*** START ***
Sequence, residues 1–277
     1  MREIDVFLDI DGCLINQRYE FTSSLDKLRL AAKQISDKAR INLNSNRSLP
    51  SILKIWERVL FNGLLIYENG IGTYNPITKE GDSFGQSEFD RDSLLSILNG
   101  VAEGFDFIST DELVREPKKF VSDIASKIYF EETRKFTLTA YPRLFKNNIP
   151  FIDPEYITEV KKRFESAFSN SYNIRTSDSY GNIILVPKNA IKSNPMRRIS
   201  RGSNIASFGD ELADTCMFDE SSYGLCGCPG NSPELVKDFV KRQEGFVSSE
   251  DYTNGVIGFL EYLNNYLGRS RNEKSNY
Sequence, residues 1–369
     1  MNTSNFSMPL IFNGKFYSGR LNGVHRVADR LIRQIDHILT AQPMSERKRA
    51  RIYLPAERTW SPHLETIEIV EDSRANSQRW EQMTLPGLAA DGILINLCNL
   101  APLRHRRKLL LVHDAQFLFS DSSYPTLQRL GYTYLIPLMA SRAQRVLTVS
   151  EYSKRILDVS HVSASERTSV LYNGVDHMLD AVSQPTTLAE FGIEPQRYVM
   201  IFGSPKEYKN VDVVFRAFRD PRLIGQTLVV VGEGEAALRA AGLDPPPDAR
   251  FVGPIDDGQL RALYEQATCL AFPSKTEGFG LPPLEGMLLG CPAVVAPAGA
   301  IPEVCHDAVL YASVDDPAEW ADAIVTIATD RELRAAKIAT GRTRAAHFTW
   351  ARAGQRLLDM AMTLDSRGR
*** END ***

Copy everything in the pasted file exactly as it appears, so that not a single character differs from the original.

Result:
Sequence, residues 1–277
     1  MREIDVFLDI DGCLINQRYE FTSSLDKLRL AAKQISDKAR INLNSNRSLP
    51  SILKIWERVL FNGLLIYENG IGTYNPITKE GDSFGQSEFD RDSLLSILNG
   101  VAEGFDFIST DELVREPKKF VSDIASKIYF EETRKFTLTA YPRLFKNNIP
   151  FIDPEYITEV KKRFESAFSN SYNIRTSDSY GNIILVPKNA IKSNPMRRIS
   201  RGSNIASFGD ELADTCMFDE SSYGLCGCPG NSPELVKDFV KRQEGFVSSE
   251  DYTNGVIGFL EYLNNYLGRS RNEKSNY
Sequence, residues 1–369
     1  MNTSNFSMPL IFNGKFYSGR LNGVHRVADR LIRQIDHILT AQPMSERKRA
    51  RIYLPAERTW SPHLETIEIV EDSRANSQRW EQMTLPGLAA DGILINLCNL
   101  APLRHRRKLL LVHDAQFLFS DSSYPTLQRL GYTYLIPLMA SRAQRVLTVS
   151  EYSKRILDVS HVSASERTSV LYNGVDHMLD AVSQPTTLAE FGIEPQRYVM
   201  IFGSPKEYKN VDVVFRAFRD PRLIGQTLVV VGEGEAALRA AGLDPPPDAR
   251  FVGPIDDGQL RALYEQATCL AFPSKTEGFG LPPLEGMLLG CPAVVAPAGA
   301  IPEVCHDAVL YASVDDPAEW ADAIVTIATD RELRAAKIAT GRTRAAHFTW
   351  ARAGQRLLDM AMTLDSRGR